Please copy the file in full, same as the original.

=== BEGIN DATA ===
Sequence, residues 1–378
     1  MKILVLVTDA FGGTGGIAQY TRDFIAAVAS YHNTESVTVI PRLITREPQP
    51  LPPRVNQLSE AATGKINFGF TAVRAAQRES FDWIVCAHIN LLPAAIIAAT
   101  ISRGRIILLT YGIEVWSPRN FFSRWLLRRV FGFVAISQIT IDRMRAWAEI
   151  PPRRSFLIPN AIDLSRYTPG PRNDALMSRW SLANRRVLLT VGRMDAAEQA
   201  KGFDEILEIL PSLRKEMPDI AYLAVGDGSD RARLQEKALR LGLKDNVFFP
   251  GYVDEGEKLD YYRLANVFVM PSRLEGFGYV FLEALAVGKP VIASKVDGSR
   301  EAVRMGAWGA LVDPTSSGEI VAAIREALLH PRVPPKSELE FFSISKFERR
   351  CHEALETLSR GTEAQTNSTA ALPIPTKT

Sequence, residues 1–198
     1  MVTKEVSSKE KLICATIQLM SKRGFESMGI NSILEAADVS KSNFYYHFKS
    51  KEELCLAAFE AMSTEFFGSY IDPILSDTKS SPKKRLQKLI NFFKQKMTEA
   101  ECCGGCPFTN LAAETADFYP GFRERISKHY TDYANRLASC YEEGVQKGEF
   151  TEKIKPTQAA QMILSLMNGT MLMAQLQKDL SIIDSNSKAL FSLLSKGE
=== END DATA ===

Sequence, residues 1–378
     1  MKILVLVTDA FGGTGGIAQY TRDFIAAVAS YHNTESVTVI PRLITREPQP
    51  LPPRVNQLSE AATGKINFGF TAVRAAQRES FDWIVCAHIN LLPAAIIAAT
   101  ISRGRIILLT YGIEVWSPRN FFSRWLLRRV FGFVAISQIT IDRMRAWAEI
   151  PPRRSFLIPN AIDLSRYTPG PRNDALMSRW SLANRRVLLT VGRMDAAEQA
   201  KGFDEILEIL PSLRKEMPDI AYLAVGDGSD RARLQEKALR LGLKDNVFFP
   251  GYVDEGEKLD YYRLANVFVM PSRLEGFGYV FLEALAVGKP VIASKVDGSR
   301  EAVRMGAWGA LVDPTSSGEI VAAIREALLH PRVPPKSELE FFSISKFERR
   351  CHEALETLSR GTEAQTNSTA ALPIPTKT

Sequence, residues 1–198
     1  MVTKEVSSKE KLICATIQLM SKRGFESMGI NSILEAADVS KSNFYYHFKS
    51  KEELCLAAFE AMSTEFFGSY IDPILSDTKS SPKKRLQKLI NFFKQKMTEA
   101  ECCGGCPFTN LAAETADFYP GFRERISKHY TDYANRLASC YEEGVQKGEF
   151  TEKIKPTQAA QMILSLMNGT MLMAQLQKDL SIIDSNSKAL FSLLSKGE